Four Practices Every Teacher Should Implement into their Classroom

Shannon Foley

There are so many theories out there when it comes to increasing student interest. When I began my journey as a teacher-to-be in 2015, I never knew just how many opinions existed. I had this romantic notion that students flowed into the classroom each morning with sparkling eyes and a thirst for learning− apples included.
Tell me, when was the last time this happened in your classroom?

Teaching theories exist because there is no right or wrong way to engage students. However, some practices have been proven to be more effective than others. In this article, I will guide you through four practices I swear by to increase your students’ participation and interest, no matter which grade you teach.

1. Start each day with a morning meeting
Morning meetings are common in early elementary classrooms but rarely exist in middle and high school classrooms. This is often due to time restraints. But a good morning meeting doesn’t have to be time-extensive. If you are a middle or high school teacher, take five minutes to connect with your students before announcements. Make a circle and hold hands. Greet each of your students like they are your equals, as if you have all the time in the world. During your morning meeting, you can read your students a quote and ask for feedback, pass around an object as students greet one another (i.e., “Good morning/Aloha/Bonjour, Shannon!”), or guide students to pair up with a partner and have a conversation (What is Morning). For some of your students, this is the first time of the day they are acknowledged by another person. Make this time meaningful for them.

2. Include SEL practices in every lesson
We have become a society that values academic intelligence over emotional intelligence. Think about it: the ultimate insult in a work or school environment is, “What, are you stupid?” Academic intelligence is only a fraction of our competence. In Emotional Intelligence by Daniel Goleman, Goleman suggests that social and emotional learning (SEL) teaches us the skills you cannot find in a textbook. He says, “It’s a different way of being smart” (Elias). There are five SEL competencies that can be addressed in the classroom, including self-awareness, self- management, social awareness, relationship skills, and responsible decision-making. Instead of teaching a separate lesson that goes something like “What is Empathy?,” integrate empathetic qualities into the general curriculum. For example, assessing threats to an ecosystem from the perspective of the animals living there is one way to add empathy to a science lesson.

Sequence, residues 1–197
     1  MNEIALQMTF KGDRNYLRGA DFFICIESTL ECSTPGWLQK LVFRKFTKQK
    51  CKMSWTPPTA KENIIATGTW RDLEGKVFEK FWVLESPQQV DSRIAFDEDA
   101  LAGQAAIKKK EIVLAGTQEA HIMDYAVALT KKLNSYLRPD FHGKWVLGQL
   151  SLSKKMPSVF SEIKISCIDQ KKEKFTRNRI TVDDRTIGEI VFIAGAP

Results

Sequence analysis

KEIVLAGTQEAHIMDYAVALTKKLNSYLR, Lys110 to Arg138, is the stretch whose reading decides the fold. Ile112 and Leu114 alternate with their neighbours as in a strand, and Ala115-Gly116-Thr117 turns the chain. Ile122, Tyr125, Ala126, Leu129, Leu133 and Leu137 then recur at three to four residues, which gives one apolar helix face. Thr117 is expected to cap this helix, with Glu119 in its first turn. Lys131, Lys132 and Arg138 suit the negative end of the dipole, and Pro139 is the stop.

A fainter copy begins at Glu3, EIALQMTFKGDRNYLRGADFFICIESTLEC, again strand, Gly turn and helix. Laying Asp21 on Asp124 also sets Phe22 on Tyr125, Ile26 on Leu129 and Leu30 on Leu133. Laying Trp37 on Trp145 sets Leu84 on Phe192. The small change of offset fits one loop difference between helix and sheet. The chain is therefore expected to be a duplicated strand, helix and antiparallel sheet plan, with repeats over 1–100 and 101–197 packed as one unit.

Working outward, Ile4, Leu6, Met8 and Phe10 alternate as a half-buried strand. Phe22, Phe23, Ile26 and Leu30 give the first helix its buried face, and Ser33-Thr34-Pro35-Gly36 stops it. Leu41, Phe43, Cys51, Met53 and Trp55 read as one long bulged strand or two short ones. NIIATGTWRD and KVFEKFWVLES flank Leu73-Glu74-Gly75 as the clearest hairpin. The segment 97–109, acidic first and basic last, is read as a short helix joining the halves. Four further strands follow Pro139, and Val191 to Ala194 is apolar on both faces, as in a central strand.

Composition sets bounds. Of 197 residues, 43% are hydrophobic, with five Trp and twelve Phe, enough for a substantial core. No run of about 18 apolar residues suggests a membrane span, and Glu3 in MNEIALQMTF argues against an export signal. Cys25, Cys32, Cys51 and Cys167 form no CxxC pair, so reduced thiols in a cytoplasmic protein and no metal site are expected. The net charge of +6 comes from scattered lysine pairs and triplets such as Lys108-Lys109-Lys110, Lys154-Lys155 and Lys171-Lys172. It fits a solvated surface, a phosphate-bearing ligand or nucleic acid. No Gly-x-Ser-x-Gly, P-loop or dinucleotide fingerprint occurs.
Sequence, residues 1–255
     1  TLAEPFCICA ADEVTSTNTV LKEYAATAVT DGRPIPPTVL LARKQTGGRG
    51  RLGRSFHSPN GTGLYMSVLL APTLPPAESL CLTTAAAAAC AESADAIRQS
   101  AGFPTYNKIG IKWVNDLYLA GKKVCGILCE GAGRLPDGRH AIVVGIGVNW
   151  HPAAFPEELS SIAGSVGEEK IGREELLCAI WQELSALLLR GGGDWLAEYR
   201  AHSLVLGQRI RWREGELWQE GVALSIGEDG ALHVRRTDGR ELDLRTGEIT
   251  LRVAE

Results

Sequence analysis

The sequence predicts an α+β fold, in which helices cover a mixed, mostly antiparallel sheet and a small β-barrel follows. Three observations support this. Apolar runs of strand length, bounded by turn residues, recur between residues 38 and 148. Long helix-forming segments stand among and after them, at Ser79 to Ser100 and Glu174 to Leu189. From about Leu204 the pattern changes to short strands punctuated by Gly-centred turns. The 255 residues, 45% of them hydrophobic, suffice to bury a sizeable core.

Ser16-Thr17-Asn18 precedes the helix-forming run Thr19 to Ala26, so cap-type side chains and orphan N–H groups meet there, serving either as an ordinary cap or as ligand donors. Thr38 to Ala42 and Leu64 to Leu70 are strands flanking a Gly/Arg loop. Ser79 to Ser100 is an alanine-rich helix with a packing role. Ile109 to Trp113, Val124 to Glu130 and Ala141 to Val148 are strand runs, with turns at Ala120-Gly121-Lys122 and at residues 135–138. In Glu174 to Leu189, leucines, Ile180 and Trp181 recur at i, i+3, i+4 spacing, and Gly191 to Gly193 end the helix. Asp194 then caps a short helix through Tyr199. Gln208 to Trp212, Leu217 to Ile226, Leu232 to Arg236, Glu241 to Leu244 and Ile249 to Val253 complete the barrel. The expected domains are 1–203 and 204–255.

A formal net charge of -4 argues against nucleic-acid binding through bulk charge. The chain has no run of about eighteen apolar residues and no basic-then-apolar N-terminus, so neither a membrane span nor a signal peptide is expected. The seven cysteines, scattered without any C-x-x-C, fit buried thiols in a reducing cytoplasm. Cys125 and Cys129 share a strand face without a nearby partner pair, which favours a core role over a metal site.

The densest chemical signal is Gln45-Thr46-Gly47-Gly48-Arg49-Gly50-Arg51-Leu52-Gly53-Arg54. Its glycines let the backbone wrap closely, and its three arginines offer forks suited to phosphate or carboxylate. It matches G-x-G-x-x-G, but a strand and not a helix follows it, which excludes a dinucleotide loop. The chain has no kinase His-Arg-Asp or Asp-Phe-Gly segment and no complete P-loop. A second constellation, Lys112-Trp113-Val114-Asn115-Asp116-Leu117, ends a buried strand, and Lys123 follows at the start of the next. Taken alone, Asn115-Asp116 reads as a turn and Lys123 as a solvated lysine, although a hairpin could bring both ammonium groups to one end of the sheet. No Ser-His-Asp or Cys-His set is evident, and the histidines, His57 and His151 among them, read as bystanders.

3. Let students help to create rubrics

Rarely do students get a say in how they are graded. Traditionally, the criterion of authentic assessments is kept under lock and key, viewed only by the teacher. The problem with this type of assessment is that students do not know how they are graded, so they do not understand why they are given a certain grade. Next time you create an authentic assessment (think papers, portfolios, presentations, etc.), switch things up by asking students what they think should be included on the rubric. Discuss the differences between good and poor quality work and how to avoid creating poor quality work. Identify your criteria and ask for student feedback. Then, create a “draft rubric” based on student responses during the discussion (Andrade). Bring the draft into class and ask for comments from the students. Revise if needed. By allowing students to have a say in how they are graded, they are more likely to deliver work of the highest quality. The criteria now matters to them.